Buying

New Listing: 4 Hickory Road, Nutley NJ

There’s so much I love about this gorgeous split level in Nutley! The layout is open and airy. It was kept immaculately, so you feel calm as soon as you step inside. The floors are beautiful and the renovated kitchen is both elegant and inviting. I’m a big fan of outdoor entertaining and the deck/patio combo here is perfect for weekend barbecues or kicking back on a summer evening. There’s even a view of the Manhattan skyline from the oversized deck.

Hickory Road is a great, quiet location -- a tucked away side street with very little traffic, that also offers quick access to the Garden State Parkway as well as local shopping.

Central air, attached garage, cathedral ceiling, renovated bath and a family room that’s like a little oasis. At $399,000, this home is likely to go fast.

Whether you’re moving from an apartment or downsizing from a larger space, this house will call to you. Some homes just have a great vibe, and this is one of them.

Come see for yourself at my OPEN HOUSE this Sunday, May 21 from 2-4pm.

Your Questions Answered: What's the Deal with "Teams"?

People often ask me to explain how “teams” work in real estate agencies, and what it means for them as clients. The short answer is, it depends what kind of team it is.

“Small Teams”
Many agents discover that, while they may be great at educating clients about homes and negotiating deals, they are not as well-suited to the administrative work. So once they become established enough, they quickly hire an assistant to take on non-sales tasks. This is great for the agent, freeing her up to do more face-to-face client work. And it’s great for the client, because the support person is usually very detail- and deadline-oriented. This arrangement is technically a “Small Team”, however it’s usually not referred to as a “team” at all because even though there may be several people working on the client’s behalf, there is only one “public-facing” agent.  

“Named Teams”
Named Teams are typically bigger and advertise themselves as a "team." This structure is often comprised of an experienced lead agent (whose name is in the "team name"), one or more less experienced “buyer’s agents,” and an administrative assistant. Sometimes the lead agent will handle mostly sellers and the newer agents may handle mostly buyers, especially those looking in lower price ranges.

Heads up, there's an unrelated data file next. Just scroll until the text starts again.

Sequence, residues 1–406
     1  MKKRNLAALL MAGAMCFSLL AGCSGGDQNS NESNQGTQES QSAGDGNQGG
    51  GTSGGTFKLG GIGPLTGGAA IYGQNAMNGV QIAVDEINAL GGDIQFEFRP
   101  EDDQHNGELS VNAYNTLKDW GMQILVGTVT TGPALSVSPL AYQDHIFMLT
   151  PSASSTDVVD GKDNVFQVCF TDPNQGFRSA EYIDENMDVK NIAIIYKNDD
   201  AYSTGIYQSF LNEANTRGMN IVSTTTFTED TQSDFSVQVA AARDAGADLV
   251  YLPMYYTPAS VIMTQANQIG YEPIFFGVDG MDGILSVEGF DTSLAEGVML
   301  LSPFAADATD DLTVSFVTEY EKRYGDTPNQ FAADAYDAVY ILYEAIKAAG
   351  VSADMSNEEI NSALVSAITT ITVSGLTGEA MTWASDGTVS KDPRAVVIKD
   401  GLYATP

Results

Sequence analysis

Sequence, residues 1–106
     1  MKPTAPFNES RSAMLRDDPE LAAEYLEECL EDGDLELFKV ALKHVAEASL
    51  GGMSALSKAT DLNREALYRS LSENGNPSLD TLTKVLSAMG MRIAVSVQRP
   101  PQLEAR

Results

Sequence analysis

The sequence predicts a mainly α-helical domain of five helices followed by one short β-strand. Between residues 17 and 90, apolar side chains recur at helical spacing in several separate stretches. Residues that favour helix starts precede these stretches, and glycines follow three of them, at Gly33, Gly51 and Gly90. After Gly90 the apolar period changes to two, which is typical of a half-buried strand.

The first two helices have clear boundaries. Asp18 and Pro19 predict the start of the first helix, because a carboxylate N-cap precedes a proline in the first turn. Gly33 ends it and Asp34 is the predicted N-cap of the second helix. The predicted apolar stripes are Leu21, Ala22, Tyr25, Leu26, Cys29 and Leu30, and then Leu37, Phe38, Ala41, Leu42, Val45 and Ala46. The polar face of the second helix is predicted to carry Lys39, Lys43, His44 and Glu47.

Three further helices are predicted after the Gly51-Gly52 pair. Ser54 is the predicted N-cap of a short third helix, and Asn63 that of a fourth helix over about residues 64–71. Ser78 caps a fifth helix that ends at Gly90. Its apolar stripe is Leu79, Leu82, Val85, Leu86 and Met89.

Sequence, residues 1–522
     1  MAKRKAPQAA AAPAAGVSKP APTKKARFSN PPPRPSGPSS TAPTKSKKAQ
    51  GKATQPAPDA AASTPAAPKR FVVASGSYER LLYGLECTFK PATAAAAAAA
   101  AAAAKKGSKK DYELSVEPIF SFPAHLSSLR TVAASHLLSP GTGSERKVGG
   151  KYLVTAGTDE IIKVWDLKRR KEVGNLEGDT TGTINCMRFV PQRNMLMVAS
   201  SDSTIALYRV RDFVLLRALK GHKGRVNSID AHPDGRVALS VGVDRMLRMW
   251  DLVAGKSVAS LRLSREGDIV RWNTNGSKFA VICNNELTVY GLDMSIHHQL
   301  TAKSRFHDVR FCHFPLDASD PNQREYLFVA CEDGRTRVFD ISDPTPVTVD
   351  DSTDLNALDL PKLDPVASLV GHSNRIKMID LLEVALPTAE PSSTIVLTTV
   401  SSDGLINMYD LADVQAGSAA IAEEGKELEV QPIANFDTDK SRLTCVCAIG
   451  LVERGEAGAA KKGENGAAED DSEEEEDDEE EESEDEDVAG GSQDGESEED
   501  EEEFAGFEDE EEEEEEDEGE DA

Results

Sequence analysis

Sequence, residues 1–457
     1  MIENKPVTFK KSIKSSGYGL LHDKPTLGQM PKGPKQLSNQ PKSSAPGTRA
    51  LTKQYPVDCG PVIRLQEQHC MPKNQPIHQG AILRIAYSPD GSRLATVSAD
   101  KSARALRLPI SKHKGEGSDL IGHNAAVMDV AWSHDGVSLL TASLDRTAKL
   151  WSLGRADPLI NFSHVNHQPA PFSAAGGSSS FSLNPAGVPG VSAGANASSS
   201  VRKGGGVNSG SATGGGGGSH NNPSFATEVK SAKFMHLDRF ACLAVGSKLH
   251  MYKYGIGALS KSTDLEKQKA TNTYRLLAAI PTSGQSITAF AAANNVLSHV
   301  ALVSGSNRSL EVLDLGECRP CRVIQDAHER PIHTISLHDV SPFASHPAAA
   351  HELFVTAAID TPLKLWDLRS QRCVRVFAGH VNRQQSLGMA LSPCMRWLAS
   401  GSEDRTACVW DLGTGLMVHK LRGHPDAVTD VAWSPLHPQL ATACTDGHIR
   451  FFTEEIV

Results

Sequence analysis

The newer agents are provided prospective buyers and mentorship from the lead agent and in exchange, any clients they bring to the “team” become the “property” of the lead agent. As a buyer or seller, this type of team may or may not be beneficial to you – it largely depends on the experience level of the specific agents handling your business and the ability of the lead agent to oversee the quality of the team’s work.

“Family Teams”
This might be a husband and wife team, a mother-son team, or a man and his nephews. The implication is: we’re family, so we’re close and work well together. Sometimes that’s true. But these “teams” can often form because a successful agent is trying to help out a loved one who’s in transition (unemployed, new to the area, etc.). And in those cases, a client isn’t always getting someone who’s fully committed to this very service-oriented business.

Pros and Cons
There are definite advantages in working with a team. Namely, that people are usually doing the jobs they are best suited for. The main disadvantage is the confusion around not having a “single” person accountable for your business. Who do you go to with a problem? The administrator? The lead agent (whom you may never have met)? The person showing you around?

In my opinion, the agent/client relationship is more important than who or how many are on a “team.” If you’re looking to buy, look for an agent who can educate you about every aspect of the process: the market climate, the town, the neighborhoods, renovations and remodeling, and the context in which to determine the value of your purchase.

If you’re looking to sell, seek out an agent who is knowledgeable about the town’s real estate culture, is an experienced marketer and pricing strategist and one who can also guide you through the difficult process of getting your house ready for market.

And, if on top of all that, you find an agent who understands a perspective that can add even more value to your purchase or sale – say, the walkability perspective – well, that person may be your MVP. :)

What Millennial Home Buyers Are Looking For

open kitchen

When I moved to this area, close to 30 years ago, it was all about the detail. Whether a home was big or small, most of us were looking for craftsmanship -- a house with good bones. And this area is brimming with them!

But this generation of buyer isn’t looking for the same things most sellers were looking for when we purchased our houses decades ago. So, if you’re a seller who is considering doing some work before listing this season, you can really increase your home’s “appeal” by paying attention to what today’s buyers care about most.